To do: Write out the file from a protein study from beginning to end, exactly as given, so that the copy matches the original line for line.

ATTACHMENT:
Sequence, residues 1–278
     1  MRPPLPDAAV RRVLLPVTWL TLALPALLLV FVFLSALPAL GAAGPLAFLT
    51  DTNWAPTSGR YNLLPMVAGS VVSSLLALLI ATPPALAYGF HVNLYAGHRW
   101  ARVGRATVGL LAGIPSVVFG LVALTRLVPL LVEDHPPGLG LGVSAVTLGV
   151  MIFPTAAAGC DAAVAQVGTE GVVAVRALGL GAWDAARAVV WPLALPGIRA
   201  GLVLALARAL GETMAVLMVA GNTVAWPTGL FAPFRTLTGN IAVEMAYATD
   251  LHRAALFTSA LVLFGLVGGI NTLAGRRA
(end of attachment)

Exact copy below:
Sequence, residues 1–278
     1  MRPPLPDAAV RRVLLPVTWL TLALPALLLV FVFLSALPAL GAAGPLAFLT
    51  DTNWAPTSGR YNLLPMVAGS VVSSLLALLI ATPPALAYGF HVNLYAGHRW
   101  ARVGRATVGL LAGIPSVVFG LVALTRLVPL LVEDHPPGLG LGVSAVTLGV
   151  MIFPTAAAGC DAAVAQVGTE GVVAVRALGL GAWDAARAVV WPLALPGIRA
   201  GLVLALARAL GETMAVLMVA GNTVAWPTGL FAPFRTLTGN IAVEMAYATD
   251  LHRAALFTSA LVLFGLVGGI NTLAGRRA